As a location-based game, Pokémon Go is perfect for when you’re on your commute, walking to a store, or just out and about. However, there’s one big hassle to the experience: the need to have the app open and on your screen to track distance, ding nearby PokéStops, and try to catch Pokémon. That makes it difficult to play when you are, for example, holding the hand of a small child, carrying bags, or just simply trying to watch where you’re walking.
The Pokémon Go Plus, released in September, helps with a lot of that. It’s a tiny wearable device, worn around the wrist or clipped onto clothes, that buzzes and lights up any time you’re near a Pokémon or PokéStop, and can automatically snag items or try to catch the creature with a press of a button. It’ll also track all of your distance when active, which makes it easier to hatch eggs and rack up kilometers for your buddy Pokémon.
However, it’s a glossy red-and-white plastic trinket, and not everybody wants to be seen wearing the thing, nor do they want to buy a $35 device that serves no other purpose than to augment a free mobile game. Also, the Plus band has been very difficult to find, although the shortage situation seems to be improving of late. Add all of that up, and it’s no surprise that people anxiously awaited an Apple Watch app counterpart instead.
It finally launched right around Christmas, letting Apple Watch owners get some wearable perks without wearing a dedicated, toy-like device. However, it functions differently than the Pokémon Go Plus and has its own benefits and drawbacks—and that’s when it actually works, which hasn’t been a certainty so far. Trying to figure out which way to go? Here is how Pokémon Go’s wearable experiences compare.
How it works
Pokémon Go’s Apple Watch experience functions as a companion app to the iPhone version, so if you have that on your phone, you’ll also have the wearable version on your wrist. If you don’t see it on your Watch’s apps screen, make sure it is enabled from within the Watch app on the iPhone.
When you fire up Pokémon Go on the Apple Watch, it’ll give you a screen that shows your player level and avatar image, as well as the distance remaining to hatch your next egg and a big Start button. Press that and you’ll start tracking. Pokémon Go’s Watch app treats each session as a workout that can be tracked by Apple Health, plus all of that data goes towards your daily Activity circles as well.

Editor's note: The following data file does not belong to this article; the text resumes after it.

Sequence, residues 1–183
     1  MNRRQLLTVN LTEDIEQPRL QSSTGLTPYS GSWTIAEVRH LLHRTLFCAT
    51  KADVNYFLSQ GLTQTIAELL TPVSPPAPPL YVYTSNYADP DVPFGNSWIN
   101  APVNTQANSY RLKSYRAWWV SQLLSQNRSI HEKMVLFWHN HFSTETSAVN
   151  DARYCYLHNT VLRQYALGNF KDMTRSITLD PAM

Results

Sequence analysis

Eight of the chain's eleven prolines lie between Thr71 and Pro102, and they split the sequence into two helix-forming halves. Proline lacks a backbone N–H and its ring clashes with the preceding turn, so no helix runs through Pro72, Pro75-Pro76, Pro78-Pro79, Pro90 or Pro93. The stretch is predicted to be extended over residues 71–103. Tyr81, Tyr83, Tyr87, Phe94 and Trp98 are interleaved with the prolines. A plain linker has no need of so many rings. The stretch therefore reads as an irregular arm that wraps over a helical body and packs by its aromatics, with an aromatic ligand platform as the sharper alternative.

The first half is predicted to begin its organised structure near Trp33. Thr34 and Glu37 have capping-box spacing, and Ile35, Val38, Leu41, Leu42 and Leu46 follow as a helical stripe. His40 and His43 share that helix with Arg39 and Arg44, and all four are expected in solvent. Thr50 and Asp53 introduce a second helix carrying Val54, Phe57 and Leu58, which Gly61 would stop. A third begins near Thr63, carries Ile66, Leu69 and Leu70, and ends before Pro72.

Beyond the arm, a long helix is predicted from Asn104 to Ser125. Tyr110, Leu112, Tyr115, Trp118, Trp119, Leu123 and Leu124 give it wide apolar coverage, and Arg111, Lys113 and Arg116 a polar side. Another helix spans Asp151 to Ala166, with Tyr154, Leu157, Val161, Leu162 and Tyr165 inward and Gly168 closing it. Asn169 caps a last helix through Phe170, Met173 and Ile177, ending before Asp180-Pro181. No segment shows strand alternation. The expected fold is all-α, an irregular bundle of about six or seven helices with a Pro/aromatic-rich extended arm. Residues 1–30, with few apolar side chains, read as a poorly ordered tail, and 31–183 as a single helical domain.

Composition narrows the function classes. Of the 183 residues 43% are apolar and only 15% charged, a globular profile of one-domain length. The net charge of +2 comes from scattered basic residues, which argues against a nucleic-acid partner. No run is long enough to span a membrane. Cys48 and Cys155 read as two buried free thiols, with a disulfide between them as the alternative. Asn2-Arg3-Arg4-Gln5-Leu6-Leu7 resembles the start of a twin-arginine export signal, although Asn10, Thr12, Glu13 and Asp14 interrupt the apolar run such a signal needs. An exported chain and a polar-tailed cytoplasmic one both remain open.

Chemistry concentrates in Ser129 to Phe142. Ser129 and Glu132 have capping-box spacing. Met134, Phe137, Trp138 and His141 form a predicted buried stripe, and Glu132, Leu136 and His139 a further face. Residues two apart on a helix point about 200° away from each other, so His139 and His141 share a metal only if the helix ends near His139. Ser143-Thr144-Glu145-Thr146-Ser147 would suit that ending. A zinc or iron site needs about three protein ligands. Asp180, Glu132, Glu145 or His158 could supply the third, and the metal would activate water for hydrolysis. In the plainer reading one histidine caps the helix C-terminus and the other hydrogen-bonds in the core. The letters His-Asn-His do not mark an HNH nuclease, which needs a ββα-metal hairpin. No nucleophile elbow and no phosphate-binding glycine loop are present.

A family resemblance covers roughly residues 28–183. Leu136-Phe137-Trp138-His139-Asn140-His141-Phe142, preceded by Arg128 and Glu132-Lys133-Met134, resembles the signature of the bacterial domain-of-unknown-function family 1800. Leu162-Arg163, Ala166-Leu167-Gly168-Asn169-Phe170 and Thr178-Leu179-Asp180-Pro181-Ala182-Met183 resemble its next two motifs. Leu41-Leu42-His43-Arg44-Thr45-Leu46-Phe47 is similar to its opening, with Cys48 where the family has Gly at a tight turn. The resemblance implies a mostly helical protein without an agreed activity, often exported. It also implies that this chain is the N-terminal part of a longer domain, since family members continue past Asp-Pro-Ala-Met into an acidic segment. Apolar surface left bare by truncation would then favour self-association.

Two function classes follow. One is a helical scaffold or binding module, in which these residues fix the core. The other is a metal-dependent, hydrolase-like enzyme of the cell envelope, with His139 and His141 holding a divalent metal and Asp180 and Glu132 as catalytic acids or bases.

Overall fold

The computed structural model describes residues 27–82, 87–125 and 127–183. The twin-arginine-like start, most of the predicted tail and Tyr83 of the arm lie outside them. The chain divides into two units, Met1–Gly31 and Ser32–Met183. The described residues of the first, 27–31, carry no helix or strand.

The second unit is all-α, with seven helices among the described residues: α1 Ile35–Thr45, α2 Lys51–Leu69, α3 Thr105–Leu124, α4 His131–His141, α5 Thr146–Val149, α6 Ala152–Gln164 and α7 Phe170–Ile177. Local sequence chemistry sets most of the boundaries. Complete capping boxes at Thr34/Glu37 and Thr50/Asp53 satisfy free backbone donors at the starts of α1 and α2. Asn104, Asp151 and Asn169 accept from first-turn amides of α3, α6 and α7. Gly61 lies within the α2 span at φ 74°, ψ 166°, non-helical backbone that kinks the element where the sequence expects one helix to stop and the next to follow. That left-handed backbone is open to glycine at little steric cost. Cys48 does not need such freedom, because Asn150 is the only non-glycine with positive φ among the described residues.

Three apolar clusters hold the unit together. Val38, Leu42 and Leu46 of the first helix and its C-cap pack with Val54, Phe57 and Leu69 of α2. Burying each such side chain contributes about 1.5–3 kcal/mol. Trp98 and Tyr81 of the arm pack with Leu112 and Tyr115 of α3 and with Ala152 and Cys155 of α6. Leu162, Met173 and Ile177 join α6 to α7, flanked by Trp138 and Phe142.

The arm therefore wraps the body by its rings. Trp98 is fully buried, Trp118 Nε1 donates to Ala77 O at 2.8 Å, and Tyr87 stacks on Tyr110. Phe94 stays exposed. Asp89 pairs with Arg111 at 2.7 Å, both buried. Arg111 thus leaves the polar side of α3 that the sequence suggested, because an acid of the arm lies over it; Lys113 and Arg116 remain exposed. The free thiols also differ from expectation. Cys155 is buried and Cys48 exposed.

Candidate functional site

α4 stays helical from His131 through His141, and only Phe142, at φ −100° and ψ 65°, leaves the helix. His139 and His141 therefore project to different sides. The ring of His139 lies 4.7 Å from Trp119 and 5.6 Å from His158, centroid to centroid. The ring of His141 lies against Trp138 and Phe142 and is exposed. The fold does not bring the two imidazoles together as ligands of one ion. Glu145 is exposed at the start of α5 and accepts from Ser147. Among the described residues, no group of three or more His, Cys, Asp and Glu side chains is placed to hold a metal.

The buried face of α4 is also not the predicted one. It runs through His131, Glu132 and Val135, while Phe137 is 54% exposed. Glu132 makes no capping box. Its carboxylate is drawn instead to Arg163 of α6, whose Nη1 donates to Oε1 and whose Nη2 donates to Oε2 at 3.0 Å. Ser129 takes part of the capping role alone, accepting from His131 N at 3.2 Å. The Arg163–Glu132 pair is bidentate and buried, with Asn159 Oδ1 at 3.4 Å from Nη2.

The Watch app shows you the amount of distance tracked so far in kilometers, the time elapsed, and approximate number of calories burned, as well as an icon showing how many Pokémon eggs are incubating and another displaying how close you are to earning another buddy candy. Meanwhile, nearby Pokémon are shown at the bottom of the screen.
When you approach a Pokémon or PokéStop in the world, you’ll sometimes get a notification—and while you can spin the PokéStop image to claim items, you can’t actually catch a Pokémon from the Watch. That’s frustrating, especially when it shouldn’t be difficult to make a scaled-down version of the Poké Ball-tossing maneuver. Instead, you’ll have to pull out your phone to actually complete that core task.
The biggest benefit of having Pokémon Go on your Apple Watch is logging distance, and there is one unexpected perk here: because the Watch app tracks distance based on counted steps rather than GPS movements, you can log km on a treadmill. That’s right: it’s Pokémon Go from the comfort of your own home, or the gym. And it’s also helpful when walking around an indoor location like a museum or large store, where GPS tracking might run into issues.
But it’s inconsistent
Not only is the functionality a bit limited, there’s a bigger issue right now: Apple Watch support is a mess for a lot of players. It just doesn’t seem like the Watch functionality was ready for prime time.
Using the Apple Watch with Pokémon Go has been 90-percent frustration so far on my end, and the comments I’ve seen on social media and in forums suggest that it isn’t an isolated occurrence. The Apple Watch app has a tendency to not display your current profile status when you load it up, but the bigger problems come during actual usage. I’ve had the Watch app shut down in the middle of many sessions without a notification, and it doesn’t appear to have an auto-shutoff timer like the Plus band, which powers off after an hour of use.